But I’ve had sweet hours in the Waiting Room too.  Hours spent on knees, crying out my hurt and anger.  Hours squandered begging to be delivered, when all along the waiting was at least part of the delivery.  But you can only see that once you’re safely out of the Waiting Room.  And then you look back and, in quiet moments of calm and serene, you will almost wish it back, if only for a sec.  That sweet time you spent stripped bare and waiting on Father to tell you to go, or to stop or, for heaven’s sake, do something.  It’ll seem better then, when you’re out.  Will have fading around the edges and kind of a dreamy cast as so many past things do.  And you’ll remember how it felt when you were so very small and He was so very big and for just that short while in the Waiting Room it was as it’s supposed to be: you laid out and Him over all.  And you will try to remember that so the next time you find yourself in the Waiting Room, you’ll swallow fear and just be still.  And even though it feels like you’ll be there forever, that’s a trick and not to be believed.  The Waiting Room is a season and seasons always give birth to new seasons.  Always.
So, friend, if you’ve landed yourself in the Waiting Room, take heart.  It’s a season and every season has it’s beautiful (except March, which isn’t really a season at all, but a month and just absolutely not beautiful).  This is your time to develop total dependance on Father, which hurts a little but will feel good after, I promise.  You will leave the Waiting Room more deeply in love with Jesus and with a hunger to move.  This might be why you are there.  The love and the move parts?  They are the work that is birthed in the Waiting Room.  When they come, welcome them and thank Father.  They are beautiful work. They will change you.  And, can I challenge you to find a Sister or Brother or two and ask them to visit you there?  Ask them to enter into your still and pray you through?  Not out, but through.  Ask them to pray you still and silent and willing.  I’d be honored to join you there.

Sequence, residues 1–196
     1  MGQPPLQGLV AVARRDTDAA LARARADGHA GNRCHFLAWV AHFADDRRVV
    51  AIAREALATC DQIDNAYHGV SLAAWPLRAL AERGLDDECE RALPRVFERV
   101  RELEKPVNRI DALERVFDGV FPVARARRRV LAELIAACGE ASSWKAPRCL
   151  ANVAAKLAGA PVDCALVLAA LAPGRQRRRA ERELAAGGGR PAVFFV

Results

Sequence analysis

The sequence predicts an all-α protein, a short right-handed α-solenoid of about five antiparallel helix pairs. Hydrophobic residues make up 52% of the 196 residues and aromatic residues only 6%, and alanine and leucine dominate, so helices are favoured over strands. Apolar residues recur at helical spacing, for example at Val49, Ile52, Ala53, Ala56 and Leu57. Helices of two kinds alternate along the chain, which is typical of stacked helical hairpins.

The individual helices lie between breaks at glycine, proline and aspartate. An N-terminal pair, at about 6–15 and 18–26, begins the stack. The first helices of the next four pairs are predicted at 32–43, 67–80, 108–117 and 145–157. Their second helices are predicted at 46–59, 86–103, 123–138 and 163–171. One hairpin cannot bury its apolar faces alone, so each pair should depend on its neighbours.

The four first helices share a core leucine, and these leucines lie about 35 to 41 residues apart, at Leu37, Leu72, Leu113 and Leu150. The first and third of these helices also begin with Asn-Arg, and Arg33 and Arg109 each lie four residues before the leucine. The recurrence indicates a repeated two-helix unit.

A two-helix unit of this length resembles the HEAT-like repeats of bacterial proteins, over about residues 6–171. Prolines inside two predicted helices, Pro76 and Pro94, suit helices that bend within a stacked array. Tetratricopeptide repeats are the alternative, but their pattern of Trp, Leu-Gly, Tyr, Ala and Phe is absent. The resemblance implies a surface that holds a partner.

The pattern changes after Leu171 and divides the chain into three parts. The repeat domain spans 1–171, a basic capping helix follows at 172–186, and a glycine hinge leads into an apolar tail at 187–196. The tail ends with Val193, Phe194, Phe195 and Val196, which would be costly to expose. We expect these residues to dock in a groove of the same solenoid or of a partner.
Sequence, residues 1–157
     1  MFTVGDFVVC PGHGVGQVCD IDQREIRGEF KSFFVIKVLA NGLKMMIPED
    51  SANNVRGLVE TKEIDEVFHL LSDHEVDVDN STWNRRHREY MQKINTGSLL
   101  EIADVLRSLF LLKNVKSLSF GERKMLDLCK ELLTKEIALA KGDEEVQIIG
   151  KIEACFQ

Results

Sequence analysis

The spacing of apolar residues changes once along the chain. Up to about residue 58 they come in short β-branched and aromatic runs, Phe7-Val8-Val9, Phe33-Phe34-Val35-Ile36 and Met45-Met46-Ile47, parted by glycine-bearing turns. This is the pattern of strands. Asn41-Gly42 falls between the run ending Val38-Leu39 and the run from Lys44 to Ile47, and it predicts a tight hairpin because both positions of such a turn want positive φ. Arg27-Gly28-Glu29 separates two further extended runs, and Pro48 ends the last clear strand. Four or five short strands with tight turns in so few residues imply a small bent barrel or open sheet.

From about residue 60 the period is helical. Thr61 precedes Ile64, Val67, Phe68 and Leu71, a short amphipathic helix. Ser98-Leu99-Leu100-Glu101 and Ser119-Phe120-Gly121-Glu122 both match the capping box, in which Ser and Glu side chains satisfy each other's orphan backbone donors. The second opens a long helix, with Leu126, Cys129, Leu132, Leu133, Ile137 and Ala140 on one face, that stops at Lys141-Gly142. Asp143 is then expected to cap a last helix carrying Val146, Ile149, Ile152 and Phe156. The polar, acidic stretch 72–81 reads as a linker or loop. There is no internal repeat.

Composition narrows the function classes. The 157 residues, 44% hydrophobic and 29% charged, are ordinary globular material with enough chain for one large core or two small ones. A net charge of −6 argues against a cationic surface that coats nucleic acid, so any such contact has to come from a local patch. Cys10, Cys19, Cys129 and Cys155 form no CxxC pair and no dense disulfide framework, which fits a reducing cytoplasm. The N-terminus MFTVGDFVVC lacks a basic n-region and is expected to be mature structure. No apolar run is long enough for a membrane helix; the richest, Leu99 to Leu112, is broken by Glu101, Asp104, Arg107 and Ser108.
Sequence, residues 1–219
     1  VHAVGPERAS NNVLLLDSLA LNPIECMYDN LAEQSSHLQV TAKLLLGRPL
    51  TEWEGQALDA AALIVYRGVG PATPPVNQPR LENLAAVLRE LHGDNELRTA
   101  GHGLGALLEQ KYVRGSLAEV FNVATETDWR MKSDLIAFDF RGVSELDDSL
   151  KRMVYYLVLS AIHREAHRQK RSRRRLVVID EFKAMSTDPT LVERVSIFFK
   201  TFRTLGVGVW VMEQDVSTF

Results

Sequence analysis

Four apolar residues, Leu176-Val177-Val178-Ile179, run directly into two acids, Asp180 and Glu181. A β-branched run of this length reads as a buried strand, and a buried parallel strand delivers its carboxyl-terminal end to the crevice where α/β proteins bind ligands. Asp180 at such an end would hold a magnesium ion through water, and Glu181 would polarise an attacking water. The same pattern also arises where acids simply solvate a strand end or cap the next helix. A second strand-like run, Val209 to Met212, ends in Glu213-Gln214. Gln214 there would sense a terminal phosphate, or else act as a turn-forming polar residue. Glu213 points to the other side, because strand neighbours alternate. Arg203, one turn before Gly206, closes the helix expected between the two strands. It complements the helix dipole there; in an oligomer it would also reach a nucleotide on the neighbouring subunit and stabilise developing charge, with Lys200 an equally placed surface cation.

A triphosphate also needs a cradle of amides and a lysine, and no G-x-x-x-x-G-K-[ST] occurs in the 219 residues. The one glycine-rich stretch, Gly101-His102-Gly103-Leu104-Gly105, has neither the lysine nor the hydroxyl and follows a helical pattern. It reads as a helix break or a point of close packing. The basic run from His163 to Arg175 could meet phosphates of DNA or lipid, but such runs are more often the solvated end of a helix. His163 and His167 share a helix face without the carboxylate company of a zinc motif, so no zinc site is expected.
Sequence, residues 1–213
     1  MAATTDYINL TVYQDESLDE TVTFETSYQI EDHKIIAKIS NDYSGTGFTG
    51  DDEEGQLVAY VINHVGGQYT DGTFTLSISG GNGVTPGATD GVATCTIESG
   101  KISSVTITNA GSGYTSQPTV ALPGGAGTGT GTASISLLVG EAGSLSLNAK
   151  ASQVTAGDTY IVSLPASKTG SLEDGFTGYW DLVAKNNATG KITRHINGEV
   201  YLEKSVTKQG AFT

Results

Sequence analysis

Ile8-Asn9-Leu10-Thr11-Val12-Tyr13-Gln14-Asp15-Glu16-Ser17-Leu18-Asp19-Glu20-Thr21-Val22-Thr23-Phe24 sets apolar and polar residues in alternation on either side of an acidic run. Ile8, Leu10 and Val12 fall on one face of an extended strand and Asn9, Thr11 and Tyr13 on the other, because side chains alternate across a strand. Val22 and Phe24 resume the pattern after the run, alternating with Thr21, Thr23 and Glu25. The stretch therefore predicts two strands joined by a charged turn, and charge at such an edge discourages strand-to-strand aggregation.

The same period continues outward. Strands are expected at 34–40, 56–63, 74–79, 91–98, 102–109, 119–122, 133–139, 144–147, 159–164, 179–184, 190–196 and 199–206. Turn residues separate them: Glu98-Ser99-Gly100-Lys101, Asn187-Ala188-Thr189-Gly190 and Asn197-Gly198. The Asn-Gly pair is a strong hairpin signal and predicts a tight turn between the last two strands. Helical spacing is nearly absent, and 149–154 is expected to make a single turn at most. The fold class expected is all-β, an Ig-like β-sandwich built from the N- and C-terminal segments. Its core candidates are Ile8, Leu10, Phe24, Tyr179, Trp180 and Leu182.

This is me being real. If you’re in the Waiting Room, seriously, could you look for my mail?  Or, for the love, at least the January issue of Canadian House and Home?